More than 600 staff will be recruited in a government drive to encourage every school pupil to be more active. The cost will be met from the£24m set aside in the 2002 Scottish budget to develop an Active Schools strategy.
He also announced that new nutritional guidelines will be developed and implemented for food served in pre-school education centres.
The moves are the next phase in the Scottish government's healthy living campaign launched by the first minister in January 2003. They come after a recent report showed that one in three 12 year olds are overweight.
During a visit to the Rainbow Family Centre in Port Glasgow, Mr McConnell said:
'We need to act now or we face obesity problems on a par with the United States. We have achieved much in a year, but recent horrifying statistics show we still have much more to do.
'I accept government's responsibility to lead on this issue, but all parents have a responsibility to make sure that their children eat well and stay active, the best - and easiest - ways any individual can improve their health.
'By taking small steps such as playing with their kids or walking them to school, parents can make big and lasting changes to the immediate health of their children, and the future health of our nation.
'But they cannot change a country's bad habits on their own and that is why the recruitment of the activity co-ordinators is so important. Their role will be to work in schools to increase the opportunities for physical activity, recruit pupils who will support and coach their fellow students and help to change Scotland's couch-potato cult ure for good.
'The health of our nation depends on us all taking individual responsibility for ourselves - and each other. I want everyone in Scotland to encourage children to get off the couch and get moving.'
The first minister explained the new guidelines for food in pre-school education centres. He said:
'By the end of the year every primary school should have new standards for school food in place. Today I am announcing that we will have similar guidelines for pre-school education centres, because if we are to teach our children good eating habits that will stay with them for the rest of their life, we must start early.'
Emphasising the need to sustain a lengthy campaign against obesity and unhealthy living. He said:
'I have laid out the next steps in our drive to improve the nation's health. This is a long-term crusade to change a nation's habits, to be developed over the next decade.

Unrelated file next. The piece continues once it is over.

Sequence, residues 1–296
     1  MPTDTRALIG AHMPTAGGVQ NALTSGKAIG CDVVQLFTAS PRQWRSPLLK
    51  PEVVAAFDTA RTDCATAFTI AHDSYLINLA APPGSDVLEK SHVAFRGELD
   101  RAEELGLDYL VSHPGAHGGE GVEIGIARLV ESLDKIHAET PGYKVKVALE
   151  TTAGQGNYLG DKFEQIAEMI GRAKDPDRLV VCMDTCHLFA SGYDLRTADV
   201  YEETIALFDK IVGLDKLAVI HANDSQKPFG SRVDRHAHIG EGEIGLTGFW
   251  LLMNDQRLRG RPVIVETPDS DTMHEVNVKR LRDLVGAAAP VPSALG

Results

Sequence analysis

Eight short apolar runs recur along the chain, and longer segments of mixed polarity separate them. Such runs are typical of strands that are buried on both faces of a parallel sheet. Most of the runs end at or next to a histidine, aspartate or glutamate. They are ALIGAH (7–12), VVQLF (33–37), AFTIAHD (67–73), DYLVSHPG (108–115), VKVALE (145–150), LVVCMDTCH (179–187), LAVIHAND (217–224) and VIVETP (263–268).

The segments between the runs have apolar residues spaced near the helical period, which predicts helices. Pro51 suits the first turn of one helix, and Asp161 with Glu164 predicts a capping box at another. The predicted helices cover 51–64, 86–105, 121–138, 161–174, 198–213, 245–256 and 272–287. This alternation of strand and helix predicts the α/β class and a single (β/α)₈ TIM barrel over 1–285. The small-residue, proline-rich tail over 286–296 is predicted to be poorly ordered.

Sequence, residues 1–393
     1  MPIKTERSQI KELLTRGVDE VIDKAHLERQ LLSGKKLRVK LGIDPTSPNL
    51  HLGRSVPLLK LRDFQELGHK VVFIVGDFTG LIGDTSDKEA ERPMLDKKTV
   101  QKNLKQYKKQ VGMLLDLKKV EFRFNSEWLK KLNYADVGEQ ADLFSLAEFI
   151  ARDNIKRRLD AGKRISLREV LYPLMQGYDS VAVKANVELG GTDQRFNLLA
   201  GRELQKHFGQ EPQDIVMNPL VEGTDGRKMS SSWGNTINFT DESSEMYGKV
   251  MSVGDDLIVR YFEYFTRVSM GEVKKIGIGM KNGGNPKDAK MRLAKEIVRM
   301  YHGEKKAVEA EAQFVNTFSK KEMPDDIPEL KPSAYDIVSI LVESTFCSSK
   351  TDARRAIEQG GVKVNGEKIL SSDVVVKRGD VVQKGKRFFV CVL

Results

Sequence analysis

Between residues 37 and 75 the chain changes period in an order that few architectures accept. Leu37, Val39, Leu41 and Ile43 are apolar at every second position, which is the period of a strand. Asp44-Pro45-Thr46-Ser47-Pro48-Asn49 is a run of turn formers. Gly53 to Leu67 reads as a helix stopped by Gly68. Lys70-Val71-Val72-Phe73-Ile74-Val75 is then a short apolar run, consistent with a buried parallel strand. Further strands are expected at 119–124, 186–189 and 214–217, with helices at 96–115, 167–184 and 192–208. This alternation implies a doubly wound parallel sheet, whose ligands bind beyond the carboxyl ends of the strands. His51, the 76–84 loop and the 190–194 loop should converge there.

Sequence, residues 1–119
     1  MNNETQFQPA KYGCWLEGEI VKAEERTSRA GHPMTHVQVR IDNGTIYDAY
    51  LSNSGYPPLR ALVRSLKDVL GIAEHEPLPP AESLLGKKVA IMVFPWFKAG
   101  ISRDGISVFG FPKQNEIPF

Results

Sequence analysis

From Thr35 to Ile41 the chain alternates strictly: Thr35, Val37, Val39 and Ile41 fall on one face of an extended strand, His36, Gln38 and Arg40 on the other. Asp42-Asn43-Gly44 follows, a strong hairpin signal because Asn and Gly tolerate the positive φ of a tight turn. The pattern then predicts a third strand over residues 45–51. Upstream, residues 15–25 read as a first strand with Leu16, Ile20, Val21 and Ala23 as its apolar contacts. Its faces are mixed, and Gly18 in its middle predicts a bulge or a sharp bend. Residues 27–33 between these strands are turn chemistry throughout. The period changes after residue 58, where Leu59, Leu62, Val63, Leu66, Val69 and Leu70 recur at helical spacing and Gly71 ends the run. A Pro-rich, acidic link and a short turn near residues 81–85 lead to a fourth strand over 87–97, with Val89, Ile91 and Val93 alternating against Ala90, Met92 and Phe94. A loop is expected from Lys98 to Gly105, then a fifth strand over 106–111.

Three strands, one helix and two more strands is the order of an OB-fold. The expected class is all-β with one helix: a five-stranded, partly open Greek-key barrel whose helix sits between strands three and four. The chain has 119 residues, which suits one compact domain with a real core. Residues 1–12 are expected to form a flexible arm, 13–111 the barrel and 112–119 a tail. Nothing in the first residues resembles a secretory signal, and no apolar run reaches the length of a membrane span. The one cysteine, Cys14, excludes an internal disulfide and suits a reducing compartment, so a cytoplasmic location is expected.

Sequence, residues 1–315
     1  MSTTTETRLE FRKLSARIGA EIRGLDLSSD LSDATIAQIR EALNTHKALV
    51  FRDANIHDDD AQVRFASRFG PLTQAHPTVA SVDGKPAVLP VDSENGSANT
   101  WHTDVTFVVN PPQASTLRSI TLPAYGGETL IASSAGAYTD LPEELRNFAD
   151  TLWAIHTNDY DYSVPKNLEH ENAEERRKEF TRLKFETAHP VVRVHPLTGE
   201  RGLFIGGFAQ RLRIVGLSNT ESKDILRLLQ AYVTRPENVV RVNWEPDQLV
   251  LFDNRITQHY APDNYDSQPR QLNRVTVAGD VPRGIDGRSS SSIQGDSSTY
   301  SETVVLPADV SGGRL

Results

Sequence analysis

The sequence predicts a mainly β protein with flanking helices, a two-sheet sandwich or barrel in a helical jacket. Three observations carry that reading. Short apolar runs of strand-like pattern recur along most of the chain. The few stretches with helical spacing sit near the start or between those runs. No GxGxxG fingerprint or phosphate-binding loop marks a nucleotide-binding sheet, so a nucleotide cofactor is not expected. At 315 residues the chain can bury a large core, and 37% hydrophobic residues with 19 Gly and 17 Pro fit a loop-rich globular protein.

'It will take years to deliver lasting change, but I am determined to build on the start we have made and seeit through. I will do what I have to do to make Scotland a healthy, happier and more prosperous nation.'
Key health improvements initiated by the executive so far include:
* nutritional standards for school meals, including set levels for fat, salt and sugar in processed food, backed by a detailed monitoring and inspection programme
* free fruit for all primary 1 and 2 children were introduced
* agreement with Coca-Cola to remove branded vending machines for all Scottish schools and provide water and healthy choices
* developing Safer Routes to school, and improving the opportunities for children to walk and to cycle
* expanding and developing new breakfast services for children
* 500 community food initiatives now operating
* Scottish Healthy Choices Awards Scheme has now presented over 300 awards, driving up standards in catering
* awareness of healthy eating campaign, which includes the healthy living advice line, kept high through the year
The Active Schools Staff network is funded by the executive from the£24m set aside in the 2002 Scottish budget to develop an Active Schools strategy. It will be developed by sportsscotland.
The funding will support sport in school, but research by the Physical Activity Taskforce suggests that children also need to be encouraged to take part in all kinds of physical activity, not just sport.
The Clinical Outcomes Indicator group reported in December that one in three of Scots 12 year olds are overweight, with one in ten severely obese. And one in five toddlers are overweight before their fourth birthday.